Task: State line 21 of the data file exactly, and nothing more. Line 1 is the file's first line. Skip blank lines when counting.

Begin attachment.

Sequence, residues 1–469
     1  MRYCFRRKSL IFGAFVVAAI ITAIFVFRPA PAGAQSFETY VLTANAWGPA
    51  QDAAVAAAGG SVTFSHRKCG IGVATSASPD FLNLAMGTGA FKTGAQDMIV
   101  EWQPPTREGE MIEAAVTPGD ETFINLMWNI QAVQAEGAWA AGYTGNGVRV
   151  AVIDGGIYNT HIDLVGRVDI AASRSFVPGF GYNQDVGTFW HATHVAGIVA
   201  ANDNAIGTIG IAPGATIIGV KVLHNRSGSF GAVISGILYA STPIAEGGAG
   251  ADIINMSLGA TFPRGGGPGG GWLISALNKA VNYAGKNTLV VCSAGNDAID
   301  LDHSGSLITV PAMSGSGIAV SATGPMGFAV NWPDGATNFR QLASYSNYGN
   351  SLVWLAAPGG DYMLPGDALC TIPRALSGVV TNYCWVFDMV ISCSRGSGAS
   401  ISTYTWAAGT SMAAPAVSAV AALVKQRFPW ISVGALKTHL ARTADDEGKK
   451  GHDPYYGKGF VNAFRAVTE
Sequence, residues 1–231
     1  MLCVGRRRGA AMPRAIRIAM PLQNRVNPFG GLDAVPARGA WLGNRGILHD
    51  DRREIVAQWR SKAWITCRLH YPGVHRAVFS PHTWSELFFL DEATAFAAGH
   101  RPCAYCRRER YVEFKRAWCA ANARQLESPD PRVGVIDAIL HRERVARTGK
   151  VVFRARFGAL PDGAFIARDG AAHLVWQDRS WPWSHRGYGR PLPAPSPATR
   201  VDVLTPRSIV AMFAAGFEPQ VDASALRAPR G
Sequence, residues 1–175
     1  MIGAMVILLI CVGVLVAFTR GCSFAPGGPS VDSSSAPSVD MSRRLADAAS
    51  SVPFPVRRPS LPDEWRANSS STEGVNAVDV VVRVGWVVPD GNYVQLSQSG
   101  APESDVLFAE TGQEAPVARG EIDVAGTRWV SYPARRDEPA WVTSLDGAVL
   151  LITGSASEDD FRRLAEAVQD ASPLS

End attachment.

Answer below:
   101  APESDVLFAE TGQEAPVARG EIDVAGTRWV SYPARRDEPA WVTSLDGAVL